Cleveland Public Library Leaf 39
This leaf comes from a rare manuscript of Livy's History of Rome (completed in about 9 A.D.) copied in Italy in the middle of the fifteenth century. It measures 22.5 x 16 cm and its vellum is very well prepared, though some rubbing of the ink has cast a shadow over the text block of some pages. The Humanistic script is crisp, clear, and without adornment; an exception is the Denison leaf, with its striking initial "H." See Denison University Leaf 39 for more information about this manuscript.
Text: This leaf contains the text of Livy's History, Book 27, Chapters 20-21. The English translation is that of Cyrus Edmonds (1850), via Project Gutenberg.
Cleveland Public Library Leaf 39 Recto
traducti in Galliam forent. itaque etiam si senatus Carthaginiensium non censuisset, eundum tamen Hasdrubali fuisse in Italiam ubi belli caput rerumque summa esset, simul ut Hispanos omnes procul ab nomine Scipionis ex Hispania abduceret. exercitum eius cum transitionibus tum aduerso proelio imminutum Hispanis repleri militibus, et Magonem Hasdrubali Gisgonis filio tradito exercitu ipsum cum grandi pecunia ad conducenda mercede auxilia in Baliares traicere; Hasdrubalem Gisgonis cum exercitu penitus in Lusitaniam abire, nec cum Romano manus conserere; Masinissae ex omni equitatu quod roboris esset tria milia equitum expleri, eumque uagum per citeriorem Hispaniam sociis opem ferre, hostium oppida atque agros populari;—his decretis, ad exsequenda quae statuerant duces digressi. haec eo anno in Hispania acta. Romae fama Scipionis in dies crescere, Fabio Tarentum captum astu magis quam uirtute gloriae tamen esse, Fului senescere fama, Marcellus etiam aduerso rumore esse, superquam quod primo male pugnauerat, quia uagante per Italiam Hannibale media aestate Uenusiam in tecta milites abduxisset. inimicus erat ei C. Publicius Bibulus tribunus plebis. is iam a prima pugna quae aduersa fuerat adsiduis contionibus infamem inuisumque plebei Claudium fecerat, et iam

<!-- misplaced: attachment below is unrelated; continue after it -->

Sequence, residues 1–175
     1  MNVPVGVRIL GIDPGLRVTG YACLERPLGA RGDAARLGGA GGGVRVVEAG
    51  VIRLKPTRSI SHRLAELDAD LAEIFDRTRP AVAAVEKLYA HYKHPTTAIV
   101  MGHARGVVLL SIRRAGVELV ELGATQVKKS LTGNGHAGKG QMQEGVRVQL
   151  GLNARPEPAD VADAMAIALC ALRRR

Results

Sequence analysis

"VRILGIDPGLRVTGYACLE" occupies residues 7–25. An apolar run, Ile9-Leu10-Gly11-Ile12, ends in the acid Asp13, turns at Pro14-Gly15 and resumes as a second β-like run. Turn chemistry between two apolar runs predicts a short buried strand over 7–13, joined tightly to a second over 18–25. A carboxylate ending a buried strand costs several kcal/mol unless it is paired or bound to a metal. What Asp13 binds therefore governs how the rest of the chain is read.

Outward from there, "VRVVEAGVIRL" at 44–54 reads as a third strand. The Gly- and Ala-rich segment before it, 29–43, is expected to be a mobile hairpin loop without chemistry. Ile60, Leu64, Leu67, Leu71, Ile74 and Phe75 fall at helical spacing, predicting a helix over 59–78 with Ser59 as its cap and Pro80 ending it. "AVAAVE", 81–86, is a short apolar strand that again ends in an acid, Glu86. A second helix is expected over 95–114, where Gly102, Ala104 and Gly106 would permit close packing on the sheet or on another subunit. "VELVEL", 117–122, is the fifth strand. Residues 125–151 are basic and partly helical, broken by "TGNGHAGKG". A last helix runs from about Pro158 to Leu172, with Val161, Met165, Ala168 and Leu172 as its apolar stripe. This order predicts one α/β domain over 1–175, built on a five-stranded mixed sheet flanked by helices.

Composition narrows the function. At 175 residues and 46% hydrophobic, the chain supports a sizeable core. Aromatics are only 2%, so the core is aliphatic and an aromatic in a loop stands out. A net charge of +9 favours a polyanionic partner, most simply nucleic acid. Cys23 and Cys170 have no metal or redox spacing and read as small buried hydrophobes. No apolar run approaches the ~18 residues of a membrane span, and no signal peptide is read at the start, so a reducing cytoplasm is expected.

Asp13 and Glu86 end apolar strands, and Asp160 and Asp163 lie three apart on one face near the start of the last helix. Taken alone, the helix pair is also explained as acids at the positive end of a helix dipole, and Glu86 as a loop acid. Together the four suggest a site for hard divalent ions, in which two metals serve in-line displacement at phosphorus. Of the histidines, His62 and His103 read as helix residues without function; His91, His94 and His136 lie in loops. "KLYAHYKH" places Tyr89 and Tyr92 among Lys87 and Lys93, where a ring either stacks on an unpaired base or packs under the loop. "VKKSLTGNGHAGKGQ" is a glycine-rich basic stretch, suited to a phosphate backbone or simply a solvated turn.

...or were marched over into Gaul. That, therefore, though the Carthaginian senate had not decreed it, Hasdrubal must, nevertheless, march into Italy, the principal seat and object of the war; and thus at the same time lead away all the Spanish soldiers out of Spain far from the name of Scipio. That the army, which had been diminished by desertions and defeats, should be recruited by Spanish soldiers. That Mago, having delivered over his army to Hasdrubal, son of Gisgo, should himself pass over to the Baleares with a large sum of money to hire auxiliaries; that Hasdrubal, son of Gisgo, should retire with the army into the remotest part of Lusitania, and avoid an encounter with the Romans. That a body of three thousand horse should be made up for Masinissa, the flower of the whole cavalry; and that he, shifting about from place to place throughout hither Spain should succour their allies and commit depredations on the towns and lands of their enemies." Having adopted these resolutions, the generals departed to put in execution what they had resolved on. Such were the transactions in Spain of this year. At Rome the reputation of Scipio increased daily. The capture of Tarentum, though effected by artifice more than valour, was considered honourable to Fabius. The fame of Fulvius was on the wane. Marcellus was even under an ill report, not only because he had failed in his first battle, but further, because while Hannibal was going wherever he pleased throughout Italy, he had led his troops to Venusia in the midst of summer to lodge in houses. Caius Publicius Bibulus, a tribune of the people, was hostile to him. This man, ever since the time of his first battle which had failed, had in constant harangues made Claudius obnoxious and odious to the people...